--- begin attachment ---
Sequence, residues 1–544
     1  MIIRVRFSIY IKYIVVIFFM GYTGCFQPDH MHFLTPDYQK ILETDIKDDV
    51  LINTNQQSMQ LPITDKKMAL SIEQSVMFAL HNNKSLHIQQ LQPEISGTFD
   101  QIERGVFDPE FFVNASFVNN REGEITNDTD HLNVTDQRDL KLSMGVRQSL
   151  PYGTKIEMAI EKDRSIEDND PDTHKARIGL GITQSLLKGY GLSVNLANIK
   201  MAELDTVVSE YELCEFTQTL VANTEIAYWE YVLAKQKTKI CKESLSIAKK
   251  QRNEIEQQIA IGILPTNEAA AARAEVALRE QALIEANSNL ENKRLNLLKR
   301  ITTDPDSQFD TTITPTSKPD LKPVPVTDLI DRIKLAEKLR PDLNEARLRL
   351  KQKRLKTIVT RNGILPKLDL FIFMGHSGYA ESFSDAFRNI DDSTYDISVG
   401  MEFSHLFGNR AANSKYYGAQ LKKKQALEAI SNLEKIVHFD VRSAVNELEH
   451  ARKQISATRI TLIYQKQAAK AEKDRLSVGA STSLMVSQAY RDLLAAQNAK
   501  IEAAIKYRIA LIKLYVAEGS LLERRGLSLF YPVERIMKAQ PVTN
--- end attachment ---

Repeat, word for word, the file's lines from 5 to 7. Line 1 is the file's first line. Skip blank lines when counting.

   151  PYGTKIEMAI EKDRSIEDND PDTHKARIGL GITQSLLKGY GLSVNLANIK
   201  MAELDTVVSE YELCEFTQTL VANTEIAYWE YVLAKQKTKI CKESLSIAKK
   251  QRNEIEQQIA IGILPTNEAA AARAEVALRE QALIEANSNL ENKRLNLLKR